So after learning about all of this, how could I possibly pass up the opportunity to join the good work that Ridwell was doing? I studied History at Auburn, and obtained a minor in sustainability in the early aughts of the program. Most of my work since then has been cultural work, working in the public service sector, working for nonprofits and state and local governments for the last ten years, even starting my own arts and humanities nonprofit, Higher Ground Society, along the way. I have now shifted to work in the corporate world, something I never really imagined doing until I came into close contact with a company that embodied the same values and was as passionate about the planet as I was. 

Ridwell is still in its infancy with respect to the hefty waste-reducing task set before it. With 192 employees, the company also operates in Portland, the Bay Area, Austin, Denver, and most recently, the Twin Cities (Minneapolis and St. Paul). I am tasked with launching the company’s market in Atlanta, along with my cohort colleagues who are doing the same in Los Angeles. So far my work has consisted of organizing the Atlanta metro’s ZIP codes into logical sections and meeting with members of the community who are passionate about being good stewards of our planet, both things that I personally find particularly enjoyable and fulfilling. I’m equally excited that, if I do my job right, Atlanta will be the first Ridwell city east of the Mississippi!

photo of a man standing in front of a car filled with clothes

Jerald with his haul for the winter warmth drive.

At the beginning of the month I completed a demonstration of Ridwell’s services for parts of Decatur and central and east Atlanta. During this demonstration I gathered “winter warmth” items such as coats, scarves, hats, and gloves. At the end of my day I was able to donate more than 300 pounds of winter warmth to Atlanta Mission, Atlanta’s largest and longest-running provider of services to homeless men, women, and children. Last week, I facilitated a similar demonstration, this time picking up leftover Halloween candy. This haul was donated to the Joseph B. Whitehead Boys & Girls Club in south Atlanta. Both of the organizations were thrilled to receive the items as it enabled them to better serve their clients. That’s the beauty of Ridwell–we take the issue of a community’s waste, and spin it to positively impact the very same community.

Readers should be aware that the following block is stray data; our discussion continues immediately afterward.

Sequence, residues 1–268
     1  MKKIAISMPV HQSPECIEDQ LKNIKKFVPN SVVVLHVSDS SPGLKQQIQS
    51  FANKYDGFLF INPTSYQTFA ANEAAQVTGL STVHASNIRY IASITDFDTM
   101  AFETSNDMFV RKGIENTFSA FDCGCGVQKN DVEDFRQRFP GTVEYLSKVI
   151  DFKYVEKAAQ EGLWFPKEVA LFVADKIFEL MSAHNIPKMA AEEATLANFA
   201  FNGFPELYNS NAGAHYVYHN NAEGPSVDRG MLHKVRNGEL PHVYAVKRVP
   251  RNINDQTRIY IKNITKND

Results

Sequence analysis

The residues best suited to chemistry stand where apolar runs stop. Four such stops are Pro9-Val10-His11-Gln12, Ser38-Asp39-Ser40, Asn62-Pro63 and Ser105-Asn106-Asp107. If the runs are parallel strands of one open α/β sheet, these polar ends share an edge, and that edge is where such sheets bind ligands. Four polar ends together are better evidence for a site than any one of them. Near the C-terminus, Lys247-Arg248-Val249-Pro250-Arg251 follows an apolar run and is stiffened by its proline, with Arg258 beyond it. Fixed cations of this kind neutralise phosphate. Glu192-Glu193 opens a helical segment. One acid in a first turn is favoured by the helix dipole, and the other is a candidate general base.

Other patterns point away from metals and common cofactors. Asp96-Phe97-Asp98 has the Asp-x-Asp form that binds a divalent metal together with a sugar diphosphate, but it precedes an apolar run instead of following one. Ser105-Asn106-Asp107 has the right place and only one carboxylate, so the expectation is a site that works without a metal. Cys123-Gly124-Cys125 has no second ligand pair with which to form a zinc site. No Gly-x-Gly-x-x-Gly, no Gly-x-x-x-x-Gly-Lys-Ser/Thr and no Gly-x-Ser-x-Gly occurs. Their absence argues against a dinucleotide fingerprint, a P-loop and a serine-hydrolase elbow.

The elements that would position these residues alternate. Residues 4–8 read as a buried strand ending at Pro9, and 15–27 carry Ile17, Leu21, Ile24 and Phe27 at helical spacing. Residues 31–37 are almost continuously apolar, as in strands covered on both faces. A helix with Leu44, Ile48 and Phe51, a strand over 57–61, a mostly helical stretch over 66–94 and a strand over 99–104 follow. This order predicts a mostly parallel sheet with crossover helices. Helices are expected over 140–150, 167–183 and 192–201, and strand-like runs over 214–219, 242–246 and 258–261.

I consider myself incredibly fortunate. Everyone can’t say that they have a job that they genuinely enjoy. Even further, everyone can’t say that they have a job where they see the positive impact that they’re making in real time. I can attest to both of these sentiments. One of my favorite aspects of this job is discussing Ridwell’s mission with potential members and seeing the aha! moments when they begin to connect the various items they use in their everyday life with Ridwell’s core and featured categories. It’s so refreshing to empower someone to do right by our planet, and by extension, our communities and future generations. The day that I responded to that LinkedIn message was the day my career leveled up in a new and meaningful way.

If you live in Atlanta and would like to get plugged into Ridwell, click here to join our waitlist which helps to ensure the company will come to town. You can also reach out to me at or set up a time for us to chat here.

If you’re in a Ridwell city already, or would like to bring Ridwell to your city, visit here, verify your ZIP code, and let us know that you’re ready to waste less. We would love to have you as part of our community. War Eagle and stay Green!

Jerald Crook graduated from Auburn in Spring 2012 with a major in History and minor in Sustainability Studies. Jerald is a Ridwell Atlanta Community Launcher.


Learn about the SDGs & AU and our contributions related to this post.

SDG12: Responsible Consumption and Production

Leave a Reply